Posts tagged ‘storms’


Just wanted to tell you folks that the descriptions of the storm the east coast is now living though are more than accurate.

I have had a self-standing basket ball net at the end of my driveway for perhaps 25 years hoping one of my girls might enjoy the game. Neither one did, and although my youngest is 5’11”, she is a farmer.

I’m telling this because, for the first time, this hoop has blown down. The wind and snow could produce a wealth of poems, but for the common man, is it a hassle to be handled.

I hope to produce more for this blog, but a lesson for the young. If you want a career in writing; START NOW. Age had a tendency to slow you down.


March 2, 2018 at 11:15 pm 1 comment


I just completed reading Isaac’s Storm by Erik Larson published in 1999. This was my second reading of this impressive and informative work on the great hurricane which devastated Galveston in 1900.

I wanted to revisit this book during hurricane season. Looking back, it would have been more enriching read done the year Katrina devastated New Orleans and the Mississippi coast or Sandy the New Jersey coast and surrounding area. More on Sandy and my Seaside Heights connection in an upcoming post.

This book will give you an appreciation of the current state of storm tracking and weather forecasting. I recommend you read it to compare today’s weather service with that of the late 1800’s when storms appeared from nowhere unannounced with prediction dependent on inflated egos and politics. Larson does an excellent job delving into the competition between the American weather bureau stationed in Cuba and the Cuban forecasters; how they were at odds on the future of the storm passing Cuba. The Cubans speculated that the storm would head into the Gulf of Mexico and impact Galveston and the Americans that it would veer north along the Atlantic coast discounting the accumulated experience of the Cubans. The competition between the two groups was such that the Cubans were forbidden to communicate their forecasts by telegram the Washington. At the same time, the Americans were forbidden to use the word hurricane in a forecast unless it was a certainty and Washington granted permission. The result of this egocentric approach was a storm of monumental proportions taking Galveston by surprise and claiming more than 6000 lives.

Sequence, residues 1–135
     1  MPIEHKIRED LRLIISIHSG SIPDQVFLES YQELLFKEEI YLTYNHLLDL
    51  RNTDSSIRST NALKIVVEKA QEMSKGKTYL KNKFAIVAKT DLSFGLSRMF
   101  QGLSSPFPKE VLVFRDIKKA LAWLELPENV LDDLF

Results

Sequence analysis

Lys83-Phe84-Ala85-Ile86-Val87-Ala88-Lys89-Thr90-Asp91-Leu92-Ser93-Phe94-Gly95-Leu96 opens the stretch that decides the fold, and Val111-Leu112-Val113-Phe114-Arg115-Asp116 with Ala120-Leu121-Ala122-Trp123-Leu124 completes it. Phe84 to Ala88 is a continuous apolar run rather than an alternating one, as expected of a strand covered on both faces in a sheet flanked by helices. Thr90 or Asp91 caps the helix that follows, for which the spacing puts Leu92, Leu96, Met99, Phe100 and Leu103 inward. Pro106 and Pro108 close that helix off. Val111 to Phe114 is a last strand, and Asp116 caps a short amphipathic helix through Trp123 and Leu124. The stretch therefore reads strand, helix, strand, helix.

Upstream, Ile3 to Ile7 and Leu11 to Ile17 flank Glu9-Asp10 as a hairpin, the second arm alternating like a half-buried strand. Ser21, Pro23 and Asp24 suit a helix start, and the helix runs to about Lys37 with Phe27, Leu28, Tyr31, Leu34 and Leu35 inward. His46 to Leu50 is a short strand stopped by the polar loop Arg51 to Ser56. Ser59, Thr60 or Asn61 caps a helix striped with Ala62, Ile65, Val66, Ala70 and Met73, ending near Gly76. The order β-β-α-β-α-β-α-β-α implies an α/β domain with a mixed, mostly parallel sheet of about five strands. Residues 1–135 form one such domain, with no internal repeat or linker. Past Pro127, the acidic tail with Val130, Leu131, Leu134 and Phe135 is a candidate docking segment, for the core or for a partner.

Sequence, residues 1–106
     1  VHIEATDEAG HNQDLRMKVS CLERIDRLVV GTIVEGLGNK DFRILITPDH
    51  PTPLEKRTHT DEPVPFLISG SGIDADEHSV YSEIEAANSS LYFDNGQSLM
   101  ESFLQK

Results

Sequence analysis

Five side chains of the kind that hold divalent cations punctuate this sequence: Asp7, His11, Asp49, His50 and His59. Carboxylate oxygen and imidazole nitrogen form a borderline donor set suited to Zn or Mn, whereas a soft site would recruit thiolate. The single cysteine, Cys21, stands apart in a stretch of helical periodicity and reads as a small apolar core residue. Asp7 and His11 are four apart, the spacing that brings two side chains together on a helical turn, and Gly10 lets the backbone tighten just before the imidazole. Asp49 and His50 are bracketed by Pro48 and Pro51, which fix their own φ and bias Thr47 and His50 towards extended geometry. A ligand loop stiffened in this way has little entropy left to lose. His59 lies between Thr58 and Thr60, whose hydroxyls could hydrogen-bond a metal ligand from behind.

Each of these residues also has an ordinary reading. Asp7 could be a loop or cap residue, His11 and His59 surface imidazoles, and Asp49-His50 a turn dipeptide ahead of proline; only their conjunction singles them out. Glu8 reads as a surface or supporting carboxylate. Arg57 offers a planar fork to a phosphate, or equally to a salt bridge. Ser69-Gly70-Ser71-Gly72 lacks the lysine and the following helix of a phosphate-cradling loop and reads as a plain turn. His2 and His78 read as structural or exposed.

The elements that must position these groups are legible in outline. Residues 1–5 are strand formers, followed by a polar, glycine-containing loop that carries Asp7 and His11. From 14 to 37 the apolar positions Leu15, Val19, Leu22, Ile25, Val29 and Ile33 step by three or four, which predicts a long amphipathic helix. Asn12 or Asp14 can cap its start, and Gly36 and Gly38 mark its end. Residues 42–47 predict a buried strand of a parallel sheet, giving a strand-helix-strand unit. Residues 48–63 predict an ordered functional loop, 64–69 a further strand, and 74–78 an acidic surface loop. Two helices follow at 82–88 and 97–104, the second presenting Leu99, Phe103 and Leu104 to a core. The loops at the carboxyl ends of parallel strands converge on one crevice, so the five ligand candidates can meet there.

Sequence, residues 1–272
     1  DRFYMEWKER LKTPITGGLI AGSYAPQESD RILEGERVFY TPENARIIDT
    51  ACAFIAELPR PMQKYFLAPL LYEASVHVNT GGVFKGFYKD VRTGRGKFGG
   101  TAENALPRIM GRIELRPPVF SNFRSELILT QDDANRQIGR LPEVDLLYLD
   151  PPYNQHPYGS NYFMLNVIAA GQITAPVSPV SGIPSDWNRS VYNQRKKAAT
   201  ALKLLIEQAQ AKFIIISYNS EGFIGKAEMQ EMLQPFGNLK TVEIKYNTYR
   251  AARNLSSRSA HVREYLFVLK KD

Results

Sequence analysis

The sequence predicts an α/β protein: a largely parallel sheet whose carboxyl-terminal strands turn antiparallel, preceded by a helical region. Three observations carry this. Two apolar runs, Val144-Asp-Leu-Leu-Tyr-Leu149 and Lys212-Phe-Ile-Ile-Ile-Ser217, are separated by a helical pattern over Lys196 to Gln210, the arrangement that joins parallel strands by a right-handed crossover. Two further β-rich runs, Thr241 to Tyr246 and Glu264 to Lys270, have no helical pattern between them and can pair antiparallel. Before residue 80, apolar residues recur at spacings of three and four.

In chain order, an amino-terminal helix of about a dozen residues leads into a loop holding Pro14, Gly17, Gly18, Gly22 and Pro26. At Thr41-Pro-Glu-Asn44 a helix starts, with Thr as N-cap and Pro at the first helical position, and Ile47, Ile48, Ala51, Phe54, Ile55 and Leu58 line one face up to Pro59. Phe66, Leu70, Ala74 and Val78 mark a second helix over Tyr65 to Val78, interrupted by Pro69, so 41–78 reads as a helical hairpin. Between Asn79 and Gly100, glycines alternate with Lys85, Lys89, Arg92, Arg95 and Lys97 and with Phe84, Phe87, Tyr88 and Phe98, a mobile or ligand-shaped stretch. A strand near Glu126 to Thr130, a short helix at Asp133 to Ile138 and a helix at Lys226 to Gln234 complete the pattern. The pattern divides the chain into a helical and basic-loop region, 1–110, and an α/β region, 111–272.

The title of the book is referring to the fact that the name of the head of the Galveston weather bureau was Isaac Cline. In addition to an observer to the storm he was also a victim losing his house and pregnant wife. Larson does an excellent job of following Cline and other Galveston residents through the horror and devastation. He also goes into great detail on the formation and development of a hurricane.

I am a huge fan of Erik Larson’s work, especially this gripping tale of death and destruction in Galveston in 1900.

October 28, 2014 at 3:22 am 1 comment


Erik Larson

While the horror of Hurricane Sandy is still in our minds, I had a brother-in-law lose his home; I want to suggest an interesting read about a hurricane that was far more destructive. It may have not caused as much property damage, but the loss of life was unbelievable.

The subject of this book is a hurricane that occurred on September 8, 1900 and still remains the most deadly natural disaster experienced by this country.

Isaac Cline was the weatherman working in Galveston, Texas for the U.S. Weather Bureau, a relatively new organization. On the island of Cuba, members of the same organization were stationed, along with local weathermen. They knew a storm was coming from reports by ships in the Atlantic. The Cubans said the storm would enter the Gulf of Mexico. The Americans said that no hurricane had ever entered the Gulf, to their knowledge; the storm would make a 90º turn on journey up the eastern United States. Cline received no warning, and by the time he suspected a storm was about to impact Galveston, it was too late. The book states that over 6000 people lost their lives to this storm. A recent article in our local paper reviewing past hurricanes puts the death toll at between 8000 and12000.

For those who are interested with what life was like before we had technology to predict weather that we have now, I suggest you read this book.

November 29, 2012 at 8:01 pm Leave a comment


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